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Evidence-Based Complementary and Alternative Medicine
Volume 2, Issue 1, Pages 25-28

Helix and Drugs: Snails for Western Health Care From Antiquity to the Present

58 rue du Maréchal Joffre, 77270, Villeparisis, France

Received 12 October 2004; Accepted 24 December 2004

Copyright © 2005 Bruno Bonnemain. This is an open access article distributed under the Creative Commons Attribution License, which permits unrestricted use, distribution, and reproduction in any medium, provided the original work is properly cited.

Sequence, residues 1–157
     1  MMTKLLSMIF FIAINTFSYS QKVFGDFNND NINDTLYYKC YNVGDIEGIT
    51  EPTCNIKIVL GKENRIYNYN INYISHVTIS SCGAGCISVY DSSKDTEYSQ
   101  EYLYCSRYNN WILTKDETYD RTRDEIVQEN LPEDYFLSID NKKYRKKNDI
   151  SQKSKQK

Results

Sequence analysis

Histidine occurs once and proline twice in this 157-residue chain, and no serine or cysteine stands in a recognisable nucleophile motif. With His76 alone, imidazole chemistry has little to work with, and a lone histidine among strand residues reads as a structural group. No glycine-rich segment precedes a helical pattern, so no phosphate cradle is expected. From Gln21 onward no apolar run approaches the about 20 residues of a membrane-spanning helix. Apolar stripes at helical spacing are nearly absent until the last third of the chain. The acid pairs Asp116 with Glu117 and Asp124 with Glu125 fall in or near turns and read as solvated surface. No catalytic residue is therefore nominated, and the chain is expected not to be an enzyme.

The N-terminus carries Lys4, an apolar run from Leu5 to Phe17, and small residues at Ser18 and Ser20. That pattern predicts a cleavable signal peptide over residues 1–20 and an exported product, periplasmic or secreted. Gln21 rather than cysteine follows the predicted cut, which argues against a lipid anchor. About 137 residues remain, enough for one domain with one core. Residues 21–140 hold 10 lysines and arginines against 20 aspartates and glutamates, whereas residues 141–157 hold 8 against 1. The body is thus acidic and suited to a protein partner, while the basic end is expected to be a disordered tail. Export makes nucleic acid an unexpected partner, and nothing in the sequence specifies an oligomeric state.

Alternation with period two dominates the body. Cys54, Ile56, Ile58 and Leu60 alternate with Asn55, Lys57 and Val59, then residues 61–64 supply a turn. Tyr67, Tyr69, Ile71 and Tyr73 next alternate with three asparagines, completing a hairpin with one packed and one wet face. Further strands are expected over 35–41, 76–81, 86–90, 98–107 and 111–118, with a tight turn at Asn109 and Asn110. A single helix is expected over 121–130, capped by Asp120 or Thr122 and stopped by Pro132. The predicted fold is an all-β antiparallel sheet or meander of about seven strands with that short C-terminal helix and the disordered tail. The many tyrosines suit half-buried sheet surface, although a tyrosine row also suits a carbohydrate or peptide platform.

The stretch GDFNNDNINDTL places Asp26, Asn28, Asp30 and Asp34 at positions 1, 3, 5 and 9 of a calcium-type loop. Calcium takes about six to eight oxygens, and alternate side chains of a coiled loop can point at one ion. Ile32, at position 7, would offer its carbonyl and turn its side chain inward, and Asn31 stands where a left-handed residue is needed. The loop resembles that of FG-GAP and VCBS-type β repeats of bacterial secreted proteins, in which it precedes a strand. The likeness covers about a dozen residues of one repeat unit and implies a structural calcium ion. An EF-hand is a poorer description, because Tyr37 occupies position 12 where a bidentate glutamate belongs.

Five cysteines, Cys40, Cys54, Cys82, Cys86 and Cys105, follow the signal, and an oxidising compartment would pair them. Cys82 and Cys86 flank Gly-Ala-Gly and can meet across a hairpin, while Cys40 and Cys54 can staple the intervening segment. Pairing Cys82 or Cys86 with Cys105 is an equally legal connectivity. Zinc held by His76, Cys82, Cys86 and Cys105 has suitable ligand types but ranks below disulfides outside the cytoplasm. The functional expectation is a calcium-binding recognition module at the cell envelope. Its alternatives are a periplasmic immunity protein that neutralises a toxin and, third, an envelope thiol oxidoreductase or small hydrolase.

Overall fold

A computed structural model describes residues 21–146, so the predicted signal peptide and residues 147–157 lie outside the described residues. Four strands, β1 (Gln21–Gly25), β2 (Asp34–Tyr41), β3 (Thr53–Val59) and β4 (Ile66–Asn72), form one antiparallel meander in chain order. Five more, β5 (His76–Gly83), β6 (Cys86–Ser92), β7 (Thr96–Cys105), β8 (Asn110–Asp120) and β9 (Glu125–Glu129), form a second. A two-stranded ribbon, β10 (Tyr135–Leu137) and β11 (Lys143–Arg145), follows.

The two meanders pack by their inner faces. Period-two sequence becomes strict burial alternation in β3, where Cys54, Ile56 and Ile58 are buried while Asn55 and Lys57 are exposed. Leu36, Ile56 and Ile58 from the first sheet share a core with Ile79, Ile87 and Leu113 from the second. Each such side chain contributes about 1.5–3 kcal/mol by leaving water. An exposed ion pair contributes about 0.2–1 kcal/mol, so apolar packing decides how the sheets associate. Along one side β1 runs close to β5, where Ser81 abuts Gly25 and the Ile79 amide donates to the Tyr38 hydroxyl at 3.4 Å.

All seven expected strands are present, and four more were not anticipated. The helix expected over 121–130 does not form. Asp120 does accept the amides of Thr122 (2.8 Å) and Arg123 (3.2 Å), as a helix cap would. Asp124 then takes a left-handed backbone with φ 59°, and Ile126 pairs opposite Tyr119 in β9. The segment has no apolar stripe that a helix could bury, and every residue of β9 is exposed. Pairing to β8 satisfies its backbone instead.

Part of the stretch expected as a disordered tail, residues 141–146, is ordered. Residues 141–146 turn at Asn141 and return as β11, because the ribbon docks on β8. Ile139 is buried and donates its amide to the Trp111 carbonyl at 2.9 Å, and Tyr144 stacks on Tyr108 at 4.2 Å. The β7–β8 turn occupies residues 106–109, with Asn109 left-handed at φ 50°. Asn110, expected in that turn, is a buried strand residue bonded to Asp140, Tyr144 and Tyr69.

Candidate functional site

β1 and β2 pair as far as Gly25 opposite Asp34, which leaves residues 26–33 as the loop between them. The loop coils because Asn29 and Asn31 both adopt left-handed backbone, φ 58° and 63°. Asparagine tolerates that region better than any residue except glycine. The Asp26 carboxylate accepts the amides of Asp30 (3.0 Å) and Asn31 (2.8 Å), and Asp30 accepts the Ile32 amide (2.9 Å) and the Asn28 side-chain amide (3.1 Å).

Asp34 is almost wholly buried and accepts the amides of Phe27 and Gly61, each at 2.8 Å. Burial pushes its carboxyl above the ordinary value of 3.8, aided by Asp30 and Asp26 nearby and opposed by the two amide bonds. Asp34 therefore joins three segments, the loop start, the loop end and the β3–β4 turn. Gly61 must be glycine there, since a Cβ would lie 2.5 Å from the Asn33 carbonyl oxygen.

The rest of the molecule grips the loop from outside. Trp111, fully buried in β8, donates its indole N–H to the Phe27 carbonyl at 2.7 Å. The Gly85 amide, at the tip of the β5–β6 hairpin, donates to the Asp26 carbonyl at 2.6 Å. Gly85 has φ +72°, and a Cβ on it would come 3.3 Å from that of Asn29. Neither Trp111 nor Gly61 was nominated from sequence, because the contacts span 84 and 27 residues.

The land helix, or snail, has been used in medicine since antiquity and prepared according to several formulations. This historical report traces the understanding of their properties from the time of Hippocrates, who proposed the use of snail mucus against protoccle and Pliny who thought that the snail increased the speed of delivery and was “a sovereign remedy to treat pain related to burns, abscesses and other wounds”, Galien recommended snails against hydrops foetails. In the 18th century, various snail “preparations” were also recommended for external use with dermatological disorders and internally for symptoms associated with tuberculosis and nephritis. Surprisingly, the 19th century saw a renewed interest in the pharmaceutical and medical use of snails with numerous indications for snail preparations. This interest in snails did not stop at the end of the 19th century. The 1945 edition of Dorvault devotes an entire paragraph to snails, indicating that the therapeutic usage of snails was still alive at that time. Recently the FDA has also shown an interest in snails. Ziconotide (SNXIII), a synthetic peptide coming from snail venom, has been under FDA review since 1999. Pre-clinical and clinical studies of this new drug are promising.